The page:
During this phase, the converted data is loaded into a target database or a data warehouse. Note this process is not uniform and may vary widely depending on the needs of a company. Indeed, some data warehouses may want to overwrite their existing information to incremental, i.e., updating extracted information on a daily, weekly, or monthly basis. It’s not uncommon to see intervals changed to an even more rapid basis, where data can be added hourly.
Since the goal of a successful ETL pipeline is to provide value through analytics, a well-engineered ETL pipeline should:
Generate information clarity. The ETL transformation process allows relevant data to be cleaned, moved, and saved to an easily analyzable data warehouse. As a whole, such an operation gives clarity from otherwise unstructured, raw data.
Contain quality information. Before being analyzed, unnecessary data is discarded, ensuring that conclusions are drawn from trustful and relevant sources only.
Have information completeness. An effective ETL pipeline rounds up all your needed and relevant business sources into a single place, a data warehouse, for example.
Have high data velocity. In this case, velocity triggers the ETL pipeline whenever fresh data arrives in your sources. Such a feature allows you to avoid using outdated data to conclude from.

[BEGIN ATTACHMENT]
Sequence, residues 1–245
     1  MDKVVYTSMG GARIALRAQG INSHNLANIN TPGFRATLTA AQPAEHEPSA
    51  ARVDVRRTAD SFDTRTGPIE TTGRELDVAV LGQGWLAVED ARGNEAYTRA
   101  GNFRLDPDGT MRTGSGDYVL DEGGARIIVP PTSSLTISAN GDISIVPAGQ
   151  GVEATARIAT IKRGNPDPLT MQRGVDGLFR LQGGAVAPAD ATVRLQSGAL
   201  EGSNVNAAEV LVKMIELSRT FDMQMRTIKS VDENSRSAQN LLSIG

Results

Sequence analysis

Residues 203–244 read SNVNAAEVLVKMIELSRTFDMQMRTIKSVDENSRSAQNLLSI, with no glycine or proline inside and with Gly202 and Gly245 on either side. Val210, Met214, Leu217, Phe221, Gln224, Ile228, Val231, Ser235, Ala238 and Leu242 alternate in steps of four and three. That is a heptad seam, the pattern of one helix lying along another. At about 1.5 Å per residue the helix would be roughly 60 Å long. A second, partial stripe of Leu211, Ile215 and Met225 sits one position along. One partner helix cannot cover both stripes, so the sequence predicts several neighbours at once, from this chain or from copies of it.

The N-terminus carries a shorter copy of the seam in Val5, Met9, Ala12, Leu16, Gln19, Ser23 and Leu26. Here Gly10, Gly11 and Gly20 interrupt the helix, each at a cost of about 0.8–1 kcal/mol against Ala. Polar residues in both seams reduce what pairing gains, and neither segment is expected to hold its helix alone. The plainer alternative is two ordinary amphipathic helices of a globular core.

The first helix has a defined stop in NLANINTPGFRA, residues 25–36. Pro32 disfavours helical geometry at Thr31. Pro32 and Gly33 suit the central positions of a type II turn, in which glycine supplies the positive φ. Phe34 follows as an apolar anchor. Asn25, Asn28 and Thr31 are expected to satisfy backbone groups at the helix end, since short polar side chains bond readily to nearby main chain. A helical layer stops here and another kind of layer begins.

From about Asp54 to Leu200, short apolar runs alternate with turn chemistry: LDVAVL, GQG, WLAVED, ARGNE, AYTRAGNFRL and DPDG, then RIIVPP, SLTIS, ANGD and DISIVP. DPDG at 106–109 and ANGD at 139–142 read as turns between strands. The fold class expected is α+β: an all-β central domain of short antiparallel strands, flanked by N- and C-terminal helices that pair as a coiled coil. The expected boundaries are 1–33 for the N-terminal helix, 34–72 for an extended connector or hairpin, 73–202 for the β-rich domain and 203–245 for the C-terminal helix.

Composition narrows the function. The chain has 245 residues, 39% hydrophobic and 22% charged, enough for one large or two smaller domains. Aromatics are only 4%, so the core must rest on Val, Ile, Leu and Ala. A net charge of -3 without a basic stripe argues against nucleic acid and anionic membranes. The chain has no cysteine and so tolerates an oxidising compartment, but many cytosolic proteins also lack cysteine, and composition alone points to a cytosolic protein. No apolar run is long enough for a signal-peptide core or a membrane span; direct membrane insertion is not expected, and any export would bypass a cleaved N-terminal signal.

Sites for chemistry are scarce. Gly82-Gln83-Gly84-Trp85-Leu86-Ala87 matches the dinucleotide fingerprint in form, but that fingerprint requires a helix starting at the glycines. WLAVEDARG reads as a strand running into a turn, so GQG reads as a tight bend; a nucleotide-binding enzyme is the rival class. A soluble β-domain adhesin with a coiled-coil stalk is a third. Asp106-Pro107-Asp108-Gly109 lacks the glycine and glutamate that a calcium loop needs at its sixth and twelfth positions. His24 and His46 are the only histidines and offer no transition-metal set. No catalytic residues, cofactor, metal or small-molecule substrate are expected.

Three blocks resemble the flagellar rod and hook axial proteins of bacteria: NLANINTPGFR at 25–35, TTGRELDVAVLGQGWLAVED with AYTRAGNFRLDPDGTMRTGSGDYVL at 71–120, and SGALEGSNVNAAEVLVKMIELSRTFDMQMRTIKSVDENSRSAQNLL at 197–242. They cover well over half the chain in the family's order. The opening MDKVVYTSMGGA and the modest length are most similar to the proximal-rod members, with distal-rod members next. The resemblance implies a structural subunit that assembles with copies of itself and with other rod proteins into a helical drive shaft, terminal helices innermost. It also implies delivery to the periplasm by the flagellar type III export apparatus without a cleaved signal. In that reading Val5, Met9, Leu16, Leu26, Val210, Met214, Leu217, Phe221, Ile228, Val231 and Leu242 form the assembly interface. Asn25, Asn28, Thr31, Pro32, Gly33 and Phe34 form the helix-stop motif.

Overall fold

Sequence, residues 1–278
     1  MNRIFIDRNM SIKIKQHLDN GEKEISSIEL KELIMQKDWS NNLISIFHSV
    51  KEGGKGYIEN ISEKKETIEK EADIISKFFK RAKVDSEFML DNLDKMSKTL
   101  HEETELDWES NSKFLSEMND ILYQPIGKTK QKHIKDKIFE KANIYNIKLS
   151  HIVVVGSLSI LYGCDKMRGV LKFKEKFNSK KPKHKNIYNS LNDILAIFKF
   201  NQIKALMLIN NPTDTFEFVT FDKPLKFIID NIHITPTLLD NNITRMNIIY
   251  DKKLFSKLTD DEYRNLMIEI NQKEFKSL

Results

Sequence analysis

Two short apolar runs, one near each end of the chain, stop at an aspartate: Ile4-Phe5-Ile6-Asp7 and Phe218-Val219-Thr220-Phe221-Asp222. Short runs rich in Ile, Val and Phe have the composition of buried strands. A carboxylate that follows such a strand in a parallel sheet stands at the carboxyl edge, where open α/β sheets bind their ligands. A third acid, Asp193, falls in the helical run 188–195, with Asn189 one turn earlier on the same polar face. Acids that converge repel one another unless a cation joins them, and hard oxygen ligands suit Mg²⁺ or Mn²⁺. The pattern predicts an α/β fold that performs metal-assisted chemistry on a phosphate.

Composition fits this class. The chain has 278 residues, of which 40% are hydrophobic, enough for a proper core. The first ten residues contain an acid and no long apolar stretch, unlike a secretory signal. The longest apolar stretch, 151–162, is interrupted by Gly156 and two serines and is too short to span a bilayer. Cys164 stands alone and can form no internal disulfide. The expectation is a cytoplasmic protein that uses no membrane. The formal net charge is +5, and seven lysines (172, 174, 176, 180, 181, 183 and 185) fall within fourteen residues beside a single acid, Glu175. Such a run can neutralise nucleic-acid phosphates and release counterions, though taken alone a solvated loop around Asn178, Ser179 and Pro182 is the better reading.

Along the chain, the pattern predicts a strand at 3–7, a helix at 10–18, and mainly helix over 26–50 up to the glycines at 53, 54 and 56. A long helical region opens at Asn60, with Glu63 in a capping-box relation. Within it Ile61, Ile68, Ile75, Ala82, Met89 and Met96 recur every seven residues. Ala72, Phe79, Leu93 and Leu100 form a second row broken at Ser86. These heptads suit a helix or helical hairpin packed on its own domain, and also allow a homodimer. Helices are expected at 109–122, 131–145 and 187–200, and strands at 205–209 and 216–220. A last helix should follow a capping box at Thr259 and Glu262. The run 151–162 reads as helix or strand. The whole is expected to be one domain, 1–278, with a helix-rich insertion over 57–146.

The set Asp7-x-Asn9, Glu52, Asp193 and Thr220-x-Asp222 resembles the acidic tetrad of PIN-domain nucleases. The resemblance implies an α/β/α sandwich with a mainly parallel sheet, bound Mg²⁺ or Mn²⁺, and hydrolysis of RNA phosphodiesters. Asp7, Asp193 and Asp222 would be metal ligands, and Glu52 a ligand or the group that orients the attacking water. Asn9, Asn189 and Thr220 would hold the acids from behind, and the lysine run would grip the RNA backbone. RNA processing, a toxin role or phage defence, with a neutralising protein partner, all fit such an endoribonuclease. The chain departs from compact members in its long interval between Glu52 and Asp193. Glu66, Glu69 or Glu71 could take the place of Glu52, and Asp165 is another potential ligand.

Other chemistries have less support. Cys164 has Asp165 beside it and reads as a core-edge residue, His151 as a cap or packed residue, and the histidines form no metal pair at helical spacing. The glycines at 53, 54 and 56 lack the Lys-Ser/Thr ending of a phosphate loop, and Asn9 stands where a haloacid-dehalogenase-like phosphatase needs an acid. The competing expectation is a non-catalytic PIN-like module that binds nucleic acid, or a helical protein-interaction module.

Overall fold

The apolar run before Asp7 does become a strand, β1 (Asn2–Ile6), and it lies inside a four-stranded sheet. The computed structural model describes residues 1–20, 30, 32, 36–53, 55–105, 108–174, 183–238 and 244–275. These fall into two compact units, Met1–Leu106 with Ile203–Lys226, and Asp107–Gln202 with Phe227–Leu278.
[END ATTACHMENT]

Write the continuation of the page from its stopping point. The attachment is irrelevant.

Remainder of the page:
The benefits mentioned above are undoubtedly attractive, yet building something like a real-time ETL pipeline is anything but simple. Core difficulties include slow speeds of creation, numerous code complexities, and limited reusability. This can be especially challenging if an environment is constantly changing, as that would require data engineers to effectively reinvent the pipeline each time.
Yet ETL pipeline issues go beyond just a problematic start. As these pipelines develop and become increasingly complex, their efficiency and accuracy decrease as well, resulting in poor data slipping through the cracks. Inaccurate data sets would then provide false conclusions defeating the entire purpose of building an ETL pipeline in the first place. Thus, it’s essential for data-centered firms to constantly monitor, repair, and update their pipelines, even if that results in significantly increasing load operation management.
Sometimes ETL and Data pipelines are used synonymously; however, that shouldn’t be the case. At the same time, both share some similarities but aren’t the same. “Data pipeline” is a more general umbrella term under which the ETL pipeline falls. To more thoroughly examine their differences, see the features of both below:
Data transformation is an essential process of an ETL pipeline.
The end of the ETL process is always transferring data into a database or warehouse.
ETL pipelines usually move data in batches on a scheduled basis.
Orchestration tools such as Airflow or Dagster are commonplace as they allow for tracking the entire ETL process.
Data could be transformed after the load step or not be transformed at all.